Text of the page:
True, but with many great products coming out nowadays, it's easy to think everything is rosy, this kind of review serves as a "reality check". Also, if you have a rating that potentially goes from 0% to 100% you need to have some products rating in the lower numbers, if only as reference for the other, better products. I'm very fond of this famous quote from Beaumarchais "Sans la liberté de blâmer, il n'y a pas d'éloge flatteur" which roughly translates into "Without the freedom to criticize, there is no true praise.” As for Tank Workshop the current owner bought the company complete with its earlier offerings, so his responsability in the quality of all the items is not in question. If you look at older items from great companies like Accurate Armour or even a mainstream manufacturer like Tamiya, you can always find stuff that is not very good. Cheers, Christophe
JUL 27, 2012 - 03:02 AM
Thanks, Christophe, we have the same thing here in the States: there is no freedom of speech unless you have the freedom to say what I disagree with, no matter how odious. There are, of course, exceptions (the famous example of crying "fire!" in a crowded theater when there is no fire, though that one has now taken on a sinister undertone thanks to the madman in Aurora, CO). We did have a company who was an advertiser react quite negatively to a bad review, but overall the manufacturers realize that our reviewers are only doing their job. And even bad reviews can result in sales if the buyer decides to take the risks. An informed consumer appreciates that. With so many good models coming out these days, it's often unfair to "dump" on an older release like this one. The only justification for "calling it like it is" is because folks like yourself have these older kits in their stashes, buy them from estate sales, or purchase them from eBay and the like. But I promise to seek out some **** and review it to lower my overall ratings score!
JUL 27, 2012 - 04:18 AM
Bill, Good review. This is not one that I have in my stash, but I do have a few others. Hmmmm..... I always did want to know; what is that tent-like thing behind the Tiger? A tent? Mike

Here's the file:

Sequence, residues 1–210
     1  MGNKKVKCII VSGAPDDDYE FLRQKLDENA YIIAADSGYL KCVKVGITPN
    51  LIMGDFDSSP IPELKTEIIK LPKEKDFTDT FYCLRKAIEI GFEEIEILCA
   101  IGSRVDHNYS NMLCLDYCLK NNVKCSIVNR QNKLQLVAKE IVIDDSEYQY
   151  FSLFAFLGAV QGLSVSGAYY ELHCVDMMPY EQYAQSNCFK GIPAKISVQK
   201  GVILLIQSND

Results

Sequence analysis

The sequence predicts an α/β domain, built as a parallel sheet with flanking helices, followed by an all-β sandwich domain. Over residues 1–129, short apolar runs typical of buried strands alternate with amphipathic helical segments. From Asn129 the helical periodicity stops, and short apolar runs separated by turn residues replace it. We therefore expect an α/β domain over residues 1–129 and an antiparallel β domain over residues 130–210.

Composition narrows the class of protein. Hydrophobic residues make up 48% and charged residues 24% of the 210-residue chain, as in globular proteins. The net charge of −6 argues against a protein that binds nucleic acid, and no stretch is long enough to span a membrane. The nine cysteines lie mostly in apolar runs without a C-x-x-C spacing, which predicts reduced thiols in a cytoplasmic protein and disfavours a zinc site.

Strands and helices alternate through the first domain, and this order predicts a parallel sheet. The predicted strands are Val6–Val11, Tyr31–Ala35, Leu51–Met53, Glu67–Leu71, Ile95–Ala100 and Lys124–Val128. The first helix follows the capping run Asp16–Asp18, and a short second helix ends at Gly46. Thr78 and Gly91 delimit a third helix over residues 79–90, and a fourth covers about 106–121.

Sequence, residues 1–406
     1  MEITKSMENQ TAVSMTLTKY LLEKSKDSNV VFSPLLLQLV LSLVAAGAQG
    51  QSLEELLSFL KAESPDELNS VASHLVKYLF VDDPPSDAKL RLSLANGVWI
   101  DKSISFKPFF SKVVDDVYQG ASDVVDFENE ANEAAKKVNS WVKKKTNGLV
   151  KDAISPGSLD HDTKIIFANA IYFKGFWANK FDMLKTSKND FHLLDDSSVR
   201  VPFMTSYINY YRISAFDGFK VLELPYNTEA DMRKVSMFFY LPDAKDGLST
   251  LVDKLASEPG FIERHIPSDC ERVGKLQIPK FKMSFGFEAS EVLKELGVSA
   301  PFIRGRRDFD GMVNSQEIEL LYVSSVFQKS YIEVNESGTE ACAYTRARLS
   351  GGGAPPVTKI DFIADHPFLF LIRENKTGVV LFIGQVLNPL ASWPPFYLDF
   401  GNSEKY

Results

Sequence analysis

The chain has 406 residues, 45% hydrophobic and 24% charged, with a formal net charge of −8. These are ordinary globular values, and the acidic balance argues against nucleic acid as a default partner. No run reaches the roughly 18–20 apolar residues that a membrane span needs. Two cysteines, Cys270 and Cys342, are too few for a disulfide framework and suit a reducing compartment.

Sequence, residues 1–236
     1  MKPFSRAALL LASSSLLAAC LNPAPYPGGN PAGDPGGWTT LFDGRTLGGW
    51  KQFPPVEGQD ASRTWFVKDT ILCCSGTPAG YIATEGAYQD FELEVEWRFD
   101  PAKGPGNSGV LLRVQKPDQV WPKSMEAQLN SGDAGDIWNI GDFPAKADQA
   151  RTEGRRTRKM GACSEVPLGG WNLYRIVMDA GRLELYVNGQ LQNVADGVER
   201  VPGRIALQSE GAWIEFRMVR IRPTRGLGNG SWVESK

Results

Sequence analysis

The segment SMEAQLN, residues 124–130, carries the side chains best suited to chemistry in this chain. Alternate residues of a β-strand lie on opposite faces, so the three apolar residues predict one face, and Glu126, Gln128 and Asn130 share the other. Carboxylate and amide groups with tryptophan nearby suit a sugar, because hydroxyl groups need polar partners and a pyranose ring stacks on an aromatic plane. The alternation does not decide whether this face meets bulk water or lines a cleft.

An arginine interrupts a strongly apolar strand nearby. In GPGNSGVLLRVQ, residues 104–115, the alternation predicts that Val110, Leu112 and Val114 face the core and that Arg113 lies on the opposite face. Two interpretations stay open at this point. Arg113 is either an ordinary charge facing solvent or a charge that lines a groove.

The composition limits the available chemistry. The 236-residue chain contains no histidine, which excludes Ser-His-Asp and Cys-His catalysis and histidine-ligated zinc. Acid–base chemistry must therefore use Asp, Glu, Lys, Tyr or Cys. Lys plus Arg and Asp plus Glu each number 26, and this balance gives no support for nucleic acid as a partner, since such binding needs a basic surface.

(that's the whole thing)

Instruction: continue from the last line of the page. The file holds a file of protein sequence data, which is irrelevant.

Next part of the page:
JUL 28, 2012 - 03:19 AM
Yes its a tent, in reality it was made from fastening several Zeltbahn's together (the splinter smock you often see German troops wearing or rolled up and fastened to their webbing)
JUL 28, 2012 - 04:23 AM
Rob is correct, it's a tent, though I don't know how one would pitch a tent on a flatcar.
JUL 28, 2012 - 08:13 AM
@bill_c – Bill, Bill you’ve done it again, one heck of a magnificent review. I don’t have this kit in the stash and are waiting for Libor’s rendition to appear, hopefully in the very near future. However, I happen to be one of those happy go lucky scratch building freaks that enjoys the challenge so after reading through your review and noting all of the issues that need to be addressed with building this kit it would be for me a fun and enjoyable build, but I’m sure not for others. Thanks for your honest and sincere review for without this type of feedback our hobby would not be where it is today. I think that your completed 80-ton flatcar looks the part and will certainly give me the needed inspiration of starting and completing the 50-ton flatcar that’s now in the stash for the Panther F that I have on the workbench. BTW, you could have centered the wooden deck over the frame and added pieces of styrene strip to each end and painted them the same color as the frame giving them the illusion of being part of the frame? ~ Eddy
JUL 29, 2012 - 07:22 AM
Thanks, Eddy, I'm blushing. It builds up very nicely if you put the right amount of "love" into it. I did that, but TWS sent me some replacement wood decking to do the job. Its grain ran the "wrong" way, so I had to abuse the surface and stain it to make it match better. My styrene planking actually looked better, but lining up the bolt holes proved a challenge. Be careful with the springs: I put mine on upside down, and damaged one removing them for proper placement.
JUL 31, 2012 - 02:52 AM